because now we are able to have a channel through which we can
gather a lot of feedback and tailor our services accordingly,"
said Flipkart's Chari. The company counts South Africa's Naspers
Ltd as an investor.
To reduce air shipments, Flipkart is setting up regional
warehouses and signing up more suppliers across the country to
ensure customers get orders delivered by the nearest supplier,
Having its own network now means Flipkart can handle
delivery rescheduling requests better, manage product returns
faster and help customers exchange products, services that are
time-consuming when handled by a third-party operator.
Amazon is using a similar strategy. In addition to building
its own warehouses, it is trialing using neighbourhood grocery
stores and petrol stations as delivery points.
It also struck agreements with the Indian Postal Service to
reach far-flung places in the country, Agrawal said.
eBay, by contrast, is working with external logistics firms
to cut back on multiple state taxes for products shipped by road
and the excessive documentation required to move every parcel.
It is also intensively training its 45,000-strong supplier
base, which hold all the inventory eBay sells on its platforms,
to improve efficiency.
"In this business, it is important we do what we are good at
and let our logistics partners do what they are good at," said
Latif Nathani, eBay India's managing director.
FROM LAPTOPS TO REFRIGERATORS
The anticipated boom in online retail is encouraging
logistics firms to better their services, but it will take
several years before India gets an efficient network, said Bablu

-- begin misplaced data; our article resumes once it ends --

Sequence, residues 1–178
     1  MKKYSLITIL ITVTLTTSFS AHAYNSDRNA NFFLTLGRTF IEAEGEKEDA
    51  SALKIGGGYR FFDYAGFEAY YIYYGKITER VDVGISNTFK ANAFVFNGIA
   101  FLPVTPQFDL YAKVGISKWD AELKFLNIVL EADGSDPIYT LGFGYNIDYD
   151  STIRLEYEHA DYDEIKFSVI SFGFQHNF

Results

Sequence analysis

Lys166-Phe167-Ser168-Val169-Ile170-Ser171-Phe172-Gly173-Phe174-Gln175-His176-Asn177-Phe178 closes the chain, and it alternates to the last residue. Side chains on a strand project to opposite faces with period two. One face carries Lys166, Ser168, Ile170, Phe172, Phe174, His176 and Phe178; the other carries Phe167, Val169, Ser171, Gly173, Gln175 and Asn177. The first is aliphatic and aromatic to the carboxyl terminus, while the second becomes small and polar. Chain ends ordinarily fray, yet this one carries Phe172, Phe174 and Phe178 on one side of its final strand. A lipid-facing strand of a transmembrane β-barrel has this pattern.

Tewari, chief operating officer for e-commerce and international
business with Gati. The company is one of India's largest
logistics firms, delivering for Amazon and eBay.
"Nobody shipped products which weighed more than two kilos
like say laptops and now suddenly people are moving
refrigerators," Tewari said.
For the many Indian e-tailers that lack the deep pockets of
Amazon and Flipkart, air freight and couriers are not an option.
Instead, they are altering their packaging and product lines to
ensure they can reach customers via road and rail.
Pepperfry, one of India's largest online furniture and home
products retailer, is training suppliers to make knock-down,
foldable products, similar to IKEA furnishings.
Flat-packaged goods reduce shipping costs, said founder and
Chief Executive Officer Ambareesh Murty. The company also
provides carpenters to assemble the items once delivered.
Industry consultants say companies like Pepperfry that are
able to adapt their business to the ailing infrastructure are
better placed to take advantage of the expected e-commerce boom.
India's roads and railways are not going to get better any time
soon, and commercial airlines can only carry so much cargo.
"The roads are where the action is going to move to as
volumes start surging," said Ashish Jhalani of consultants
e-tailing India. "Anyone innovating and building capacities to
deal with that challenge will benefit in the long term."
(Editing by Miral Fahmy)